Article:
(CBS News) Mitt Romney won the Republican primaries in Kentucky and Arkansas on Tuesday, victories that puts him within striking distance of clinching the Republican presidential nomination.
With nearly all precincts reporting in Kentucky, Romney had 67 percent of the vote. With 61 percent of precincts reporting in Arkansas, Romney had 69 percent of the vote.
The race was actually closer on the Democratic side. In Kentucky, President Obama's only rival on the ballot was "uncommitted." The president defeated "uncommitted" 58 percent to 42 percent, a result that reflects the president's deep unpopularity in southern states. (Though with almost all precincts in, Mr. Obama had won slightly more votes than Romney overall.)
In Arkansas, Mr. Obama faced a primary challenge from John Wolfe, who had 40 percent of the vote in with 61 percent of precincts reporting. Earlier this month, convicted felon Keith Judd took 41 percent of the primary vote against the president in West Virginia.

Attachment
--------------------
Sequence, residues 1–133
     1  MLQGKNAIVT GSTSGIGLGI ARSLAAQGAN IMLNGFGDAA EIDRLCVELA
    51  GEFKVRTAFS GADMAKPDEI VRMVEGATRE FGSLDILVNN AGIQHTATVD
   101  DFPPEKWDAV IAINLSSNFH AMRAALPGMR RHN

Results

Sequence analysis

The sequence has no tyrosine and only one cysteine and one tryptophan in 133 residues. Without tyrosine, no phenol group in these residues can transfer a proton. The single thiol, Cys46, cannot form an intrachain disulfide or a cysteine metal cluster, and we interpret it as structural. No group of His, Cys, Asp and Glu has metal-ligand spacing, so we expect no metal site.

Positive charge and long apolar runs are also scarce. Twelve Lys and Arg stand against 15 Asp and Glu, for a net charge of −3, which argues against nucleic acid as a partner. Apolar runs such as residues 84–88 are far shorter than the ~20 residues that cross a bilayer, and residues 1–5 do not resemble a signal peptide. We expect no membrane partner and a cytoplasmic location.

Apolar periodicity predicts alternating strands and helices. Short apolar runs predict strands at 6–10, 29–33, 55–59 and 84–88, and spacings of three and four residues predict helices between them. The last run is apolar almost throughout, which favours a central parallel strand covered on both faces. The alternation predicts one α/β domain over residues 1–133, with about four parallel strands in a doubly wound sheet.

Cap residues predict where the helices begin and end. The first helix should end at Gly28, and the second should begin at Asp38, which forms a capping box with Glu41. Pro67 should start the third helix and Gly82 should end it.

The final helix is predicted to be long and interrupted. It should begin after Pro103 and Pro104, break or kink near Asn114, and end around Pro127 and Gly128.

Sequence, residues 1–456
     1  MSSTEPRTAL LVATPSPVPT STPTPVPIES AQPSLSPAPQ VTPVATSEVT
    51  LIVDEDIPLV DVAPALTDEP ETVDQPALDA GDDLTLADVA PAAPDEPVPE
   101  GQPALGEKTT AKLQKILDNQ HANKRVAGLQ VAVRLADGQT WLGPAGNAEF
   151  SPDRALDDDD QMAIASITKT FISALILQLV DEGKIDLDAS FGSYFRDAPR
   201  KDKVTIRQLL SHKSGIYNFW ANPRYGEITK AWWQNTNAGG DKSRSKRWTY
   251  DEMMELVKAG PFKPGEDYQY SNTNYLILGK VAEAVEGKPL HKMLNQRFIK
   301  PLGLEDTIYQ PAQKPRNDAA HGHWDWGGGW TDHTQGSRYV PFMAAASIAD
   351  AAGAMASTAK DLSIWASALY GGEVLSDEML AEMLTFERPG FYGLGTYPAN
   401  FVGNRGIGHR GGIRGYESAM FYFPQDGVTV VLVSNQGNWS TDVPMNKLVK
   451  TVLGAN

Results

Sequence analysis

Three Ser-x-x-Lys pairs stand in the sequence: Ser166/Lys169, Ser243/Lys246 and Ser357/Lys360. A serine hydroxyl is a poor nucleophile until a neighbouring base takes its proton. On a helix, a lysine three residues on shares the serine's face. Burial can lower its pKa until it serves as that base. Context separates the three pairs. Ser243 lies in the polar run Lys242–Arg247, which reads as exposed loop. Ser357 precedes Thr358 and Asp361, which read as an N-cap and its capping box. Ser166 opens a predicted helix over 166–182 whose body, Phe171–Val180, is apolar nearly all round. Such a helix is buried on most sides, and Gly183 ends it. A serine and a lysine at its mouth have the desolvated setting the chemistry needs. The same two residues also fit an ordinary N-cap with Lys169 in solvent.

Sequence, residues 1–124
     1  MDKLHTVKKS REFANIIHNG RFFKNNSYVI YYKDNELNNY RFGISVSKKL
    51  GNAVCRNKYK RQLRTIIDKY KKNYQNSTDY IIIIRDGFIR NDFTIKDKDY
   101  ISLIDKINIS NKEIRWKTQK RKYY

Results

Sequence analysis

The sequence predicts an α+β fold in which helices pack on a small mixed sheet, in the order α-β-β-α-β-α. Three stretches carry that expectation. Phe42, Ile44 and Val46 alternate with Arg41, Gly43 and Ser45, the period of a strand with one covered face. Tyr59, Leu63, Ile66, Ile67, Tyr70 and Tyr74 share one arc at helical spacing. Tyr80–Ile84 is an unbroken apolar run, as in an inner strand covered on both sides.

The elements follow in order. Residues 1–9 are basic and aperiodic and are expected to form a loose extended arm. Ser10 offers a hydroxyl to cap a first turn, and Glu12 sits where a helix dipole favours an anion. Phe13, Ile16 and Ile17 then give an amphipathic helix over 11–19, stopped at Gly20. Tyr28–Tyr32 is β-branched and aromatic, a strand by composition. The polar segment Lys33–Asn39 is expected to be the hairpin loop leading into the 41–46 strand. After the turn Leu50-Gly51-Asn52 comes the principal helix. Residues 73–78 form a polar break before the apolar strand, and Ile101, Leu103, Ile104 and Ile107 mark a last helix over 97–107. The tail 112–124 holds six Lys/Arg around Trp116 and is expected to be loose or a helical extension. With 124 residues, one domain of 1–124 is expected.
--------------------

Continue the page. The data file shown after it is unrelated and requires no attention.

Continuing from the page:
CBS News estimates that with his two wins on Tuesday, Romney now has 1,073 delegates. The former Massachusetts governor needs 71 more to reach the threshold of 1,144 electoral votes he needs to clinch his party's nomination.
Romney should cross that threshold next Tuesday when Texas holds its primary with 152 delegates at stake.
Romney's rivals have suspended their campaigns or stopped active campaigning, and he has spent recent weeks focused on the general election. The presumptive GOP nominee was scheduled to spent Tuesday evening at a fundraiser in New York, part of a three-day fundraising swing that his finance chairman told donors would raise $10 million.
Designed by Gray Digital Media